Boozy Novels

Boozy Novels

The New York Times Magazine “Drink” columnist, author of the new memoir Drinking with Men, and longtime Brooklyn bartender shares her five favorite novels involving inebriation.


At Swim-Two-Birds
Flann O’Brien
“This hilarious, wholly original mashup of Irish legend and Dublin life is best read with several pints and whiskey chasers close at hand. It could earn its place on this list solely for the ‘pome’ recited in its pages, with the emphatic chorus: A PINT OF PLAIN IS YOUR ONLY MAN. But if that’s not enough, Dylan Thomas’s endorsement might persuade you: ‘just the book to give your sister if she’s a loud, dirty, boozy girl!'”


In the Drink
Kate Christensen
“Kate Christensen writes wonderful, believable bar scenes in most, if not all, of her novels. But it’s her first, In The Drink, that focuses most directly on the drinking life (in case the title didn’t give that away). Claudia Steiner—its young, smart, untethered, hard-drinking, totally lovable heroine—is my kind of girl, and watching her try to pull herself together is a rewarding pleasure.”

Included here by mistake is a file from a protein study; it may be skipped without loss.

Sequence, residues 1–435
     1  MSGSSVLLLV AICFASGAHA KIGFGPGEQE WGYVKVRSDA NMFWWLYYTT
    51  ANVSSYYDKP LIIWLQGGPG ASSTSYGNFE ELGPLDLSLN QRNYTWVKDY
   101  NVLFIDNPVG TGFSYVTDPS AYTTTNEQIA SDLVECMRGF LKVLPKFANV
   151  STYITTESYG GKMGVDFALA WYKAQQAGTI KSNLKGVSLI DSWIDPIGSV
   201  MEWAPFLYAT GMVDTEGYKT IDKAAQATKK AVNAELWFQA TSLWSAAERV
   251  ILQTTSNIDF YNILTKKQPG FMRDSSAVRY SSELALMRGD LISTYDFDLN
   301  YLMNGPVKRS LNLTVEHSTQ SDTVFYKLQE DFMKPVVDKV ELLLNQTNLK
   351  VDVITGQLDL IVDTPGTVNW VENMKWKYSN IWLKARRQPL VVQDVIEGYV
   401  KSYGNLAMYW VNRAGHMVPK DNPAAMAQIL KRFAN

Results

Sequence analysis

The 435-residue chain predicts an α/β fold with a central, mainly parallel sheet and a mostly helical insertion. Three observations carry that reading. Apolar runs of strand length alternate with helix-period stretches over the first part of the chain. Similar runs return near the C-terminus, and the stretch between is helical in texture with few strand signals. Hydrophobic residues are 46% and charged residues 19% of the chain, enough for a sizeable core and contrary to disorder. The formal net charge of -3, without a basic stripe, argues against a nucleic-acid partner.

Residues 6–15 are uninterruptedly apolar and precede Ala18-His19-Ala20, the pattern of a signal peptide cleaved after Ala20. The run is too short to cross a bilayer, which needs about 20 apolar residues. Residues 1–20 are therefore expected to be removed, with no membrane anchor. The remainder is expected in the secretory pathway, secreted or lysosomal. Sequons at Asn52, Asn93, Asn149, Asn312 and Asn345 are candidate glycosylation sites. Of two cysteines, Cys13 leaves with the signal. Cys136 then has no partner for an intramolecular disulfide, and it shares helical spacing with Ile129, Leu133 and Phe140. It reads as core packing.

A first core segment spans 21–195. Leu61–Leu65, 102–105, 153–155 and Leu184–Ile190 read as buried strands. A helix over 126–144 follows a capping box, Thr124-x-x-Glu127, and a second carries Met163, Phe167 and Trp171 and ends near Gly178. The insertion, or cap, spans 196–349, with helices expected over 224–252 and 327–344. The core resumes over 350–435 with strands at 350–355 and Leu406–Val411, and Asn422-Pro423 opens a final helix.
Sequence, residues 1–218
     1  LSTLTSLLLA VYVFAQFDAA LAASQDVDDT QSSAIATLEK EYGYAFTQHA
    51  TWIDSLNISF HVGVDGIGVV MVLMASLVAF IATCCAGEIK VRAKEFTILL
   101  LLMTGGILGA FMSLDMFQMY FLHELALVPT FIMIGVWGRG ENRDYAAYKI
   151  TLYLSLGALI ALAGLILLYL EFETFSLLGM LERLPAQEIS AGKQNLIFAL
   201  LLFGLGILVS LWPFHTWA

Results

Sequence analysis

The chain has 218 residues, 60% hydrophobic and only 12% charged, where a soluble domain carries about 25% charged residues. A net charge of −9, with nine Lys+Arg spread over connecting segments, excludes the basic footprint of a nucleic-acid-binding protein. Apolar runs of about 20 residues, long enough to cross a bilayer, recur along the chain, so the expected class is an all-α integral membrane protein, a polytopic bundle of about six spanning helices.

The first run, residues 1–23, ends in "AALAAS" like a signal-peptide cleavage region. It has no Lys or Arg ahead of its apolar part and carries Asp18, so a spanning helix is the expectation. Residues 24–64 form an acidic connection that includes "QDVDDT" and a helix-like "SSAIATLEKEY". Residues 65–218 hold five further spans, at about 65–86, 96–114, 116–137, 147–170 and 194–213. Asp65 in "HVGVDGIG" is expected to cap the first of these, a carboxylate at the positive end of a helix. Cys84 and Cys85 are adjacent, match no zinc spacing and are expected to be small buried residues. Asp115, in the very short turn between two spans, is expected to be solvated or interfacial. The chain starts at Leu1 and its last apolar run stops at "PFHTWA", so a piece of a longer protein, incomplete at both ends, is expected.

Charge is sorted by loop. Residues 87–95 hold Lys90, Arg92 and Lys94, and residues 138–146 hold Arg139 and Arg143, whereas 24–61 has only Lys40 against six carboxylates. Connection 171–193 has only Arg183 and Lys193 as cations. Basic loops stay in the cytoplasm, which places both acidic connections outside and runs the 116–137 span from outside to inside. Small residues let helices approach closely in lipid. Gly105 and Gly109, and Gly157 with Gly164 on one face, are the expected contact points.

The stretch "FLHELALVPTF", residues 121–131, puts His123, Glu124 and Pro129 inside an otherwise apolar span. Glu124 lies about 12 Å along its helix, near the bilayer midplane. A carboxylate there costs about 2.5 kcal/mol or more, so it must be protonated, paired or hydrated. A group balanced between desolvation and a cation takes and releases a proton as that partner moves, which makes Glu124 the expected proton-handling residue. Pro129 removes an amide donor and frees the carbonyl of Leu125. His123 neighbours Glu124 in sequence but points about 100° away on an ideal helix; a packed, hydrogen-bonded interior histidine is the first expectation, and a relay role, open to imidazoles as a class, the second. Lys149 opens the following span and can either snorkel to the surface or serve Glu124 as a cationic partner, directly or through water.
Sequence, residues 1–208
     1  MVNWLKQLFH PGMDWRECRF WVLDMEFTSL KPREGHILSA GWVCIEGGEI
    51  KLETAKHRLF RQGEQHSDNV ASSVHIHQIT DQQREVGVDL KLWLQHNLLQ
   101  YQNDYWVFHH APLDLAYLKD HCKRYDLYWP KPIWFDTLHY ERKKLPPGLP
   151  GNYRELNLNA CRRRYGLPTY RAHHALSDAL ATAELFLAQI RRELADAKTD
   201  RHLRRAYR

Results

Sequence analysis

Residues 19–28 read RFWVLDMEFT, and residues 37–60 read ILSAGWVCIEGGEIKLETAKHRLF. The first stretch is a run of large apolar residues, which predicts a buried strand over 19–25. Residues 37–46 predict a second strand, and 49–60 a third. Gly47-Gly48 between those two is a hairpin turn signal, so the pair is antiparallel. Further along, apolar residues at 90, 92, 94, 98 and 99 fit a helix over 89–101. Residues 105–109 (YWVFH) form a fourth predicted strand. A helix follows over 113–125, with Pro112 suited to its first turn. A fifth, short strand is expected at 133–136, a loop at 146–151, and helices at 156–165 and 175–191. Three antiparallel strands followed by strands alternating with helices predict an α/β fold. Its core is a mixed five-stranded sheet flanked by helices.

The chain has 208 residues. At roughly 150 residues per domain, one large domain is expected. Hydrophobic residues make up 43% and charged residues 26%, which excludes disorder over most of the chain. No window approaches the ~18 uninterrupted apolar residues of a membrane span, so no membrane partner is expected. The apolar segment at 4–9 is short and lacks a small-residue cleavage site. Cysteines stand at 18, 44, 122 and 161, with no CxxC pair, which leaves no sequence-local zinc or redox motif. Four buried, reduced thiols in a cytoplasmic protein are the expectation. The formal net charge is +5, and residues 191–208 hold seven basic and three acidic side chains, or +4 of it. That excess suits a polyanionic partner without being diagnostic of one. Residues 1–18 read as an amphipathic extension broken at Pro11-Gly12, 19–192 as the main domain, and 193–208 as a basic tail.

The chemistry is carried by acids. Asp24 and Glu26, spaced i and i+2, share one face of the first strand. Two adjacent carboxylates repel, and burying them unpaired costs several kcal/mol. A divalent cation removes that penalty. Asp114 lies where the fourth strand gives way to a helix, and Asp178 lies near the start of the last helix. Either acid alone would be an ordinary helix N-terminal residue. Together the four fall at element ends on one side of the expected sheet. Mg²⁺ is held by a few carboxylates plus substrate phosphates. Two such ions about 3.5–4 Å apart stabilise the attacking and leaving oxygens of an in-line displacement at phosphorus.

Shamrock Tea
Ciaran Carson
“The title beverage isn’t alcoholic. Instead, Shamrock Tea imparts both hallucinations and clarity of vision, and demands that its drinkers slip into another world via van Eyck’s Arnolfini Wedding Portrait. Carson’s strange, beautiful novel is composed of 101 three-page chapters, each named for a different color. Rare and contemplative, it is the book I give most often as a gift. I want everybody to read it.”


James Joyce
“Stout, whiskey, porter, gin, brandy, rum, wine, cider, and even absinthe all are drunk (or at least mentioned) throughout the course of Leopold Bloom’s June 16 perambulations. ‘Cyclops,’ my favorite episode, is set in a pub. Anyone who’s spent enough time in bars has encountered some version ‘The Citizen’—the kind of blustery, bullying boor who can make even the silkiest pint of stout go sour.”


Lucky Jim
Kingsley Amis
“Perhaps the funniest campus novel ever written, this almost got edged out by another liquor-soaked Amis book, The Old Devils, but the hangover scene alone made it impossible to exclude it: ‘He lay sprawled…spewed up like a broken spider-crab on the tarry shingle of the morning…During the night, too, he’d somehow been on a cross-country run and then been expertly beaten up by secret police. He felt bad.'”

This article originally appeared on Zola Books.







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